Medium format refers to the size of your roll of film (or if you’re talking digital, it’s the size of the camera sensor). It really just means that you are shooting on a bigger piece of film than you do with a 35mm camera. The increased size of medium format film means a much larger negative. This will give you finer details and less grain.
Choosing your Right Medium Format Camera
Twin Lens Reflex (TLRS)
TLRs use two objective lens of the same focal length. The photographic objective lens is the one that is used to take the picture. The other lens, called the view lens, is connected to the viewfinder. Most TLRs are fixed focal length, and the more expensive models may incorporate a rudimentary room function. Most TLRs use a leaf shutter system, resulting in high speeds, quiet operation and low shutter vibration. There are also close-up, wide angle and telephoto adapters for TLRs.
Some popular TLRS cameras are: Yashica MAT-124G, Rolleiflex 2.8F, Minolta Autocord and Mamiya C330
Rangefinder cameras are medium format cameras with a range finder. This negates the waistline, viewing that most TLRs carry. They are also much smaller than TLRs, and allow for easier point and shoot photographs. They tend to have limited focusing ranges, and do not have lenses larger than 180mm or 200mm. Rangefinders are quieter and easier to focus in dim light. They are mostly fixed lens models, but higher range models also provide for interchangeability.
Some popular rangefinder cameras are: Fujica G690, Mamiya 6/7, Bronica RF645, Norita 66 and Pentax 67
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Virtual Viewing with
Travel may be limited these days, but discovering incredible experiences from across the globe doesn’t have to be. Virtual tours, especially in the real estate industry, were becoming increasingly popular even before the COVID-19 pandemic. This is where the virtual tour comes in – you can use this medium to present a property to potential customers online, either live (using a video conferencing software such as Zoom) or by sharing a link.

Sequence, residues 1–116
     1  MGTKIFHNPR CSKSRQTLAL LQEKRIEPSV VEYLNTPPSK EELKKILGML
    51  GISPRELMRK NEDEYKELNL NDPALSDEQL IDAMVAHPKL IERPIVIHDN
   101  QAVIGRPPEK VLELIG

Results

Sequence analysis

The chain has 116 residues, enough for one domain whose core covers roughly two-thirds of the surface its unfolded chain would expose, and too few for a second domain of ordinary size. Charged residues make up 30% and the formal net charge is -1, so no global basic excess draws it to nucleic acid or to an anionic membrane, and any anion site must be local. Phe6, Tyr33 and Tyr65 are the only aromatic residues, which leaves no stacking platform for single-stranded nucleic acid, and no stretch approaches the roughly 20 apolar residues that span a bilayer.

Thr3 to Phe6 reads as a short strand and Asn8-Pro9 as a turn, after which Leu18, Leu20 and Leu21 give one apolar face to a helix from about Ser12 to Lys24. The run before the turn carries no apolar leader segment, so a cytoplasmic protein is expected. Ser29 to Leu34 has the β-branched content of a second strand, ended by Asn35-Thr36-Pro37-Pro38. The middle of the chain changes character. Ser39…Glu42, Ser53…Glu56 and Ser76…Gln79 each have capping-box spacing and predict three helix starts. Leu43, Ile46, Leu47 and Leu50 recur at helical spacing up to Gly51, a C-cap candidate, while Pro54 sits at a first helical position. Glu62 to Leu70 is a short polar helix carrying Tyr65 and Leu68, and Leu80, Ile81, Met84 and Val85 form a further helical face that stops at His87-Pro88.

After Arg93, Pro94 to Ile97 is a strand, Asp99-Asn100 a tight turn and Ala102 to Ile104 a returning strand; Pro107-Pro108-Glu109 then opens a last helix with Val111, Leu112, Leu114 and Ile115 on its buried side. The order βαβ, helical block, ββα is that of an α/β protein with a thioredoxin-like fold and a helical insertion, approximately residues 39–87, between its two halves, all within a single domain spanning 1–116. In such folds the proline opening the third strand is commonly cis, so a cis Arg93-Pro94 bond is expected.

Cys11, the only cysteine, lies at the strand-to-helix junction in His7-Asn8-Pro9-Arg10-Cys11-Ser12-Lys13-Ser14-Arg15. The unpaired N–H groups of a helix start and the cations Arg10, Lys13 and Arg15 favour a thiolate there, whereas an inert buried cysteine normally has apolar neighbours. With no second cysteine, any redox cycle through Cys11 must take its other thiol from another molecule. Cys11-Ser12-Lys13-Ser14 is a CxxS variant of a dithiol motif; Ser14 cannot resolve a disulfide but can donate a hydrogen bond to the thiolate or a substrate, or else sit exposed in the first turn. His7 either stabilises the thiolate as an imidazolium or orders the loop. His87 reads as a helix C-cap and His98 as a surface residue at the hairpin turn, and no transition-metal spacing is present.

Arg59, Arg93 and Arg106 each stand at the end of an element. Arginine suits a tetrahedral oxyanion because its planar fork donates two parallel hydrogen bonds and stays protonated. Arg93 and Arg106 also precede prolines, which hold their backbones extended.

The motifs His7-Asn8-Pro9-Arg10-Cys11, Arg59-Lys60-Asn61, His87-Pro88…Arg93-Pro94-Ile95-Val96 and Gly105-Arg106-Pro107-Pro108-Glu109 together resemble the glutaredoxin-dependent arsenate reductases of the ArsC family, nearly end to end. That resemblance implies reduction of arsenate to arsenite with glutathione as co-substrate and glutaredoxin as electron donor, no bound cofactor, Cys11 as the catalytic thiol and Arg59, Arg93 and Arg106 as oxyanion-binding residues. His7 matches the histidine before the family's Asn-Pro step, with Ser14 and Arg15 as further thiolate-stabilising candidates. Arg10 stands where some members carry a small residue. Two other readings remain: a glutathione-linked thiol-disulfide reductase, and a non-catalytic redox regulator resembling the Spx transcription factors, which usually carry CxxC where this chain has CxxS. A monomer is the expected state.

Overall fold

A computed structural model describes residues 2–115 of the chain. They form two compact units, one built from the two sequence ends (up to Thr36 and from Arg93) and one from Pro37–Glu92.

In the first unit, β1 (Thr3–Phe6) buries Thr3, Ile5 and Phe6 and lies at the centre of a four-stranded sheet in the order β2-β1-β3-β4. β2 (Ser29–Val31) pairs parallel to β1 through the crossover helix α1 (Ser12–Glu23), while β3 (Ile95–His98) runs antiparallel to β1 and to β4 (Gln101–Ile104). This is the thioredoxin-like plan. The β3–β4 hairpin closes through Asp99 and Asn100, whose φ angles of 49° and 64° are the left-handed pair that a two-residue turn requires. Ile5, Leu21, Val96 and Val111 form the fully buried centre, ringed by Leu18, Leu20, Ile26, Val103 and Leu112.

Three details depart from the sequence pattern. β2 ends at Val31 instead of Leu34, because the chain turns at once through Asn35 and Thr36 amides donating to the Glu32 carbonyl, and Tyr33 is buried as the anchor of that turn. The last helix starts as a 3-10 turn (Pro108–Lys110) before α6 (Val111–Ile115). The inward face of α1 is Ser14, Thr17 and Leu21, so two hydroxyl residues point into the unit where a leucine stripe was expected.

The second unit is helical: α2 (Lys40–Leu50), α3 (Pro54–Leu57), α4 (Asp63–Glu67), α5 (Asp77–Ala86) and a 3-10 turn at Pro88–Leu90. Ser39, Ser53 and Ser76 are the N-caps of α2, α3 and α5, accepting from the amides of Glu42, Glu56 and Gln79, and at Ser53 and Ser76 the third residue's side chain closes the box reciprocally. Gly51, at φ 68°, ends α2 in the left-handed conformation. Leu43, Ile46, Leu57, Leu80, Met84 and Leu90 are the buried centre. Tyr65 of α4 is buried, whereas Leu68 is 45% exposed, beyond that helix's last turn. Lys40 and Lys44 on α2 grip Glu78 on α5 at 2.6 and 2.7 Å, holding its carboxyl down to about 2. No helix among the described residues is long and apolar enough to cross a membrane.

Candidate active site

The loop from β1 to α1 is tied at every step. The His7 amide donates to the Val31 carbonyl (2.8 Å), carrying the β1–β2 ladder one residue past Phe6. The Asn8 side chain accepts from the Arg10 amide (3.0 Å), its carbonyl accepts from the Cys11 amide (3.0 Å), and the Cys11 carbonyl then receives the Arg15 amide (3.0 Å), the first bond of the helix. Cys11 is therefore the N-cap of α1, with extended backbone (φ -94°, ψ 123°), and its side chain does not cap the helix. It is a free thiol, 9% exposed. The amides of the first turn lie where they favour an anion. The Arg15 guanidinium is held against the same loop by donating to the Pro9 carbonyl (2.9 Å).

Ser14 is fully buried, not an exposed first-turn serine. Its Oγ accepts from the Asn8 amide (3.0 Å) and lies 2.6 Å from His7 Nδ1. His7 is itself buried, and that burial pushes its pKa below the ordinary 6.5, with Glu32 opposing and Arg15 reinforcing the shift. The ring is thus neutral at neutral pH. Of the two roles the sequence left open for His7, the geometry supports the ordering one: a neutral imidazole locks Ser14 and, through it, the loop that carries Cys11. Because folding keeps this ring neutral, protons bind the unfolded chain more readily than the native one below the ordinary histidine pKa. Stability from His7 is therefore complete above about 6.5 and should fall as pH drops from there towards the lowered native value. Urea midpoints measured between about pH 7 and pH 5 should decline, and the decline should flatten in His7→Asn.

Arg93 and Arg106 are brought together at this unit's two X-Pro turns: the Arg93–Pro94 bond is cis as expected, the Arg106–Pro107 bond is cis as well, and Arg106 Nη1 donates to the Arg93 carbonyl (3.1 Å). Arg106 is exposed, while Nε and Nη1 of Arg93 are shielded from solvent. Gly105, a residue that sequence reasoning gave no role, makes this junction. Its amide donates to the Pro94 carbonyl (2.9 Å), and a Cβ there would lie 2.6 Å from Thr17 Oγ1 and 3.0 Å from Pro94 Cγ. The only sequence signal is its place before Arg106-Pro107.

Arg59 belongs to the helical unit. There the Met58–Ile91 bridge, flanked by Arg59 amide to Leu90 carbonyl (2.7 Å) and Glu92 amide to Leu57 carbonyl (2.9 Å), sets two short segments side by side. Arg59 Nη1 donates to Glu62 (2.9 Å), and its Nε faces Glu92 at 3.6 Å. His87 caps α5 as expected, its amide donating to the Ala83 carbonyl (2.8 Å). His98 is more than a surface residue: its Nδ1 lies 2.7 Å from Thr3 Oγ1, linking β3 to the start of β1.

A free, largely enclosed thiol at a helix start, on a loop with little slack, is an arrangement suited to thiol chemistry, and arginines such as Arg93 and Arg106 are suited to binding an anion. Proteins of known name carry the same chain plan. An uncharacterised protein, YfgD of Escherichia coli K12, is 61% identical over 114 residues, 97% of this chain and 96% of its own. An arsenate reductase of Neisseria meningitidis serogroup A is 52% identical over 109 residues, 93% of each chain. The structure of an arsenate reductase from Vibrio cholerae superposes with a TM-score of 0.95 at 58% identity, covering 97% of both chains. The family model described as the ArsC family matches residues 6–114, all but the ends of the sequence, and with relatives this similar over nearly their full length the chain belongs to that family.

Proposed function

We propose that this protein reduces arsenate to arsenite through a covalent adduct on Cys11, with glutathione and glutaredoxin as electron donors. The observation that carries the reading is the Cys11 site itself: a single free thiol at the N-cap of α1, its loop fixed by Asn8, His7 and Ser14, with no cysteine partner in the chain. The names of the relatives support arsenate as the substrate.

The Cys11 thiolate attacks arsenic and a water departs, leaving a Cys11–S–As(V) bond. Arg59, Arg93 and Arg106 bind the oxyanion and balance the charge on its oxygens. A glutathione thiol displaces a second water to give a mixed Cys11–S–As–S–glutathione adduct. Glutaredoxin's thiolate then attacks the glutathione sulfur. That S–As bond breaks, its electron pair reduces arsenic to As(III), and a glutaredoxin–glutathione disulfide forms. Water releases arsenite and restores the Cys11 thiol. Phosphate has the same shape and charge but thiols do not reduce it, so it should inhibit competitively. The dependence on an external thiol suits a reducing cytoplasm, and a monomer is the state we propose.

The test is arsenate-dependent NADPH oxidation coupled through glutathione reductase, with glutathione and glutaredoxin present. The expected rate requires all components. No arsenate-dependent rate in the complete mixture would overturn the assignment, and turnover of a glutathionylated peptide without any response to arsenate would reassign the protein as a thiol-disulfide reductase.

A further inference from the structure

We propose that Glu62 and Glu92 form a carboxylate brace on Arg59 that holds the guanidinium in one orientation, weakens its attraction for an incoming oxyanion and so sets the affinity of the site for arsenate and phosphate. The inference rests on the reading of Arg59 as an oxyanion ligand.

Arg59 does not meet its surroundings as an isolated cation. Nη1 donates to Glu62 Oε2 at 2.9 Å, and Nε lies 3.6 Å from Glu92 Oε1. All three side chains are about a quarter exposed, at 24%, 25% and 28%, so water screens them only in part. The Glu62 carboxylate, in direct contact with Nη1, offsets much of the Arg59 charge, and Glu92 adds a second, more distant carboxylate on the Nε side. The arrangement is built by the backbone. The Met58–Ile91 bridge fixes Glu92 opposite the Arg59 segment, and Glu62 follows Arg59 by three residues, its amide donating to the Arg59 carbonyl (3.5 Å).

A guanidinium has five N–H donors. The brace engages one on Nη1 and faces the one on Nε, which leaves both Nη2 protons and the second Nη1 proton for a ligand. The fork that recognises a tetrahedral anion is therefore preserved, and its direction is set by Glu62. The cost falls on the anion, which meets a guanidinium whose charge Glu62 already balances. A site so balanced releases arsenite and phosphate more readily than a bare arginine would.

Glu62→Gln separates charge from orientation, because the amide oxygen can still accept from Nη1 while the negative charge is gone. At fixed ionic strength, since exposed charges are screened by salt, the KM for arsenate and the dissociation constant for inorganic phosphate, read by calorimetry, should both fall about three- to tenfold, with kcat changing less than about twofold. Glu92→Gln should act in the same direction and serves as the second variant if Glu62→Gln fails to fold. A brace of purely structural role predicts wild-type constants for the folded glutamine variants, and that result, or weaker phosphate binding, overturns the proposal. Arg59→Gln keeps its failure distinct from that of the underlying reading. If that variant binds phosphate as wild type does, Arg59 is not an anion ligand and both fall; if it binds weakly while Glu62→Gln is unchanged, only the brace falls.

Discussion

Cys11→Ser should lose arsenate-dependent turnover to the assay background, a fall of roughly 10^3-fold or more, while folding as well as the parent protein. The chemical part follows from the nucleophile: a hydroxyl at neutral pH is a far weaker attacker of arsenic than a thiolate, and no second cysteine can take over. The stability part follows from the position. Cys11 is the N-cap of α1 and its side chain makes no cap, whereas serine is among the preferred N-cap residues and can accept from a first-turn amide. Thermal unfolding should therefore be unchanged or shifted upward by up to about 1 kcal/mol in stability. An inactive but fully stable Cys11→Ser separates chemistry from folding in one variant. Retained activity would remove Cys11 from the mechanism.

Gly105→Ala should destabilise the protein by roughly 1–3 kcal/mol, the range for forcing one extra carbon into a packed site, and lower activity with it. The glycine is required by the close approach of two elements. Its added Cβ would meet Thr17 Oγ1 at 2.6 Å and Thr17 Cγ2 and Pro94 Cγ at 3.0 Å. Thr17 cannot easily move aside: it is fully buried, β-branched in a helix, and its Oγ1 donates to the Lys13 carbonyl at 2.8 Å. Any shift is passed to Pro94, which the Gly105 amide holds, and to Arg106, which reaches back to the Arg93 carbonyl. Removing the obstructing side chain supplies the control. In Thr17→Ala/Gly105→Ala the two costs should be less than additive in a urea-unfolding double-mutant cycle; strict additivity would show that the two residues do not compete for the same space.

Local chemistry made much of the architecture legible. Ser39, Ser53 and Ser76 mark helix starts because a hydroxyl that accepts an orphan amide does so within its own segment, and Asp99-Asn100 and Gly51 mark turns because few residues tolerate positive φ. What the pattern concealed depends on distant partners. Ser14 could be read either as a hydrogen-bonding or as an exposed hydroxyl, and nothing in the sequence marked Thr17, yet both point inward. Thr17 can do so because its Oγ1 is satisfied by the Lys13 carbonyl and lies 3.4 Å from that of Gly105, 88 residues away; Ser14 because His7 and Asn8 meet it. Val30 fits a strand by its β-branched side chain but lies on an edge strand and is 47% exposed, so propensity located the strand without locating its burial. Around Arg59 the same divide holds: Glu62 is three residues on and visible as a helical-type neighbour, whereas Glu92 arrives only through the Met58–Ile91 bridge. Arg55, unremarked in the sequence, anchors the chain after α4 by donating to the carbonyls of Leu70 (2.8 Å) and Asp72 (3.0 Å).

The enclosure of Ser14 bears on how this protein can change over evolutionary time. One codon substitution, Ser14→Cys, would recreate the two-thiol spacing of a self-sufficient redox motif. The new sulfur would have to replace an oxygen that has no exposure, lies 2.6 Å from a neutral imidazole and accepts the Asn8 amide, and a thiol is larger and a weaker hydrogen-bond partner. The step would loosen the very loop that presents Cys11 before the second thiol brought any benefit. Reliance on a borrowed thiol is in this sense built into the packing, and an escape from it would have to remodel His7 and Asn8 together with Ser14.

360 for Virtual Viewing
Simply put, a 360 camera captures panoramic photos and videos from a single position. A 30 camera can pan both vertically and horizontally, creating a photo that is fully navigable and makes the viewers feel like they are actually at the location where the photo was taken.
There are some factors to take into account when choosing your 360 camera for virtual viewing.
Many 360 cameras have put more focus on their panoramic video capabilities, adding in features such as video stabilisation and high frame rates. These aren’t necessary when choosing a 360 camera for virtual tours. The first thing to consider is image resolution – basically, the higher, the better. A 360 camera which has the option to shoot in High Dynamic Range (HDR) Mode, which can help give your photos a more vibrant look.
Ease of Workflow
For those with no photography experience, a camera which requires minimal intervention from the user will be suitable. However, there are also those who would like to take on a more active role in post-processing. Look up on reviews online to understand more about the camera you are interested in. You might need to make additional investment for a post-processing software like Adobe Lightroom and Matterport.
Although there are no technical specs that will let you know how well a 360 camera does its stitching. Your best bet would be to check out examples of their output. Look for telltale signs of poor stitching – discontinuous lines, distorted features, or inconsistent lighting.